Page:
In 430 BC there was an extraordinary action at the entrance to the Gulf of Corinth. At the approach of the Athenian admiral Phormio, the Corinthians formed a defensive circle of triremes, bows outward. The Athenians circled them more and more tightly until, as expected, a wind sprang up and the crowded Corinthian ships lost formation in the choppy water. At a signal from Phormio the exposed ships were rammed and the battle won. This was naval mastery; good ships, well trained crews able to cope with choppy water and an astute admiral. These benefits were expensive and the taxes imposed by Athens in the name of the Delian League were resented. Pericles justified Athenian leadership by asking “how can (Peloponnesian) men achieve anything who are farmers? The fact is that sea power is a matter of skill….. and it is not possible to get practice in the odd moment when the chance occurs, but it is a full time occupation, leaving no moment for other things”. It is worth noting that there was no snobbishness about being an oarsman and only rarely did slaves row. On one occasion when there was a need for 1,000 hoplites to go to Lesbos, they simply rowed and sailed themselves there in triremes. Athenian supremacy was compromised by the failure of the expedition against Sicilian Syracuse in 415 BC when the ships needed to protect the camp located near the Great Harbour had to be afloat so long that their condition deteriorated. The Syracusans attacked them with success and this led a general defeat. Athens herself was besieged and fell in 405 BC.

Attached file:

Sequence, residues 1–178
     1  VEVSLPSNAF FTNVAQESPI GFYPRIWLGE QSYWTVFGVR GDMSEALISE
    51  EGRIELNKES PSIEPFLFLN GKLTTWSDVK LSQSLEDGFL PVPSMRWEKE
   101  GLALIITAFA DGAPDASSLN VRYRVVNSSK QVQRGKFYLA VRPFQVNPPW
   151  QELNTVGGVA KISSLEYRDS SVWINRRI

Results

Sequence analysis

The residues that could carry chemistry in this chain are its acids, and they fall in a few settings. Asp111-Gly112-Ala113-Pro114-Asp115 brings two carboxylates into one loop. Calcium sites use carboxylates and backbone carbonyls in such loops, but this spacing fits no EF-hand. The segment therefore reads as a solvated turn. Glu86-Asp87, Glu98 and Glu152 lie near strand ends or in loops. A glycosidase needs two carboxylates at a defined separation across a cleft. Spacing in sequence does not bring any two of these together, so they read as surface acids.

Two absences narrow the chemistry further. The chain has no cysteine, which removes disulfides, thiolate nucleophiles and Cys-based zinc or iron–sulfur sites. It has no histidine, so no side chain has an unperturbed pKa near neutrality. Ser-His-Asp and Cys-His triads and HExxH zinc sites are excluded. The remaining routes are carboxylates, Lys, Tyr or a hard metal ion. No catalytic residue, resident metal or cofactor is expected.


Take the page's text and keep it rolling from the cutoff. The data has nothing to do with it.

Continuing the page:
In the 4th. century Carthage grew into a great trading and naval power and came into conflict with Syracuse over grain supplies. Heavier warships came into use now,some with more files of oarsmen, the best known of these is the ‘5’ (Greek: penteres or Latin: quinquereme), which had three rows of oars each with two oarsmen. The reason for this change remains obscure, but it may be that skilled oarsmen were harder to obtain. The heavier ships had rams but they would have been slower to manoeuvre and so the main emphasis was on boarding and later the discharge of missiles from catapults. Many ‘4’ s (teteres or quadriremes) were built (2 rows of double-manned oars) and they had the advantage of fitting into existing trireme slipways and sheds. No slipways for ‘5’s have been found possibly because their hulls were sheathed in lead as with merchant ships and they were kept afloat. A fresco at Pompeii suggests the existence of roofed-over docks. The meteoric career of Alexander the Great came to an end in 323 BC and in the ensuing contest for supremacy among his successors the naval wars involved large fleets of ‘4’s and ‘5’s. Nevertheless when in 307 BC the Macedonian fleet under Demetrios took on and defeated the Egyptians at Salamis (Famagusta in Cyprus), there were ‘6’s (hexeres or sexeremes) and ‘7’s (septerems) in his fleet as well as some triremes, though ‘5’s predominated. The consequent invasion of Egypt failed; delays, loss of ships through storms and reefs, followed by an unsuccessful landing gave Ptolemy time to mount an effective defence on land. In 305 BC Demetrios was involved in the siege of Rhodes, a rival naval power. On the larger ships of his fleet of 200 he mounted catapults and siege engines, but his warships and supply vessels suffered losses from the sorties of the swift, modified triremes of the Rhodians. These were called ‘trihemioliae’; in other words they possessed two and a half files of oarsmen. In 304 he accepted mediation and withdrew. In the Classical World naval operations distant from a home base were always hazardous.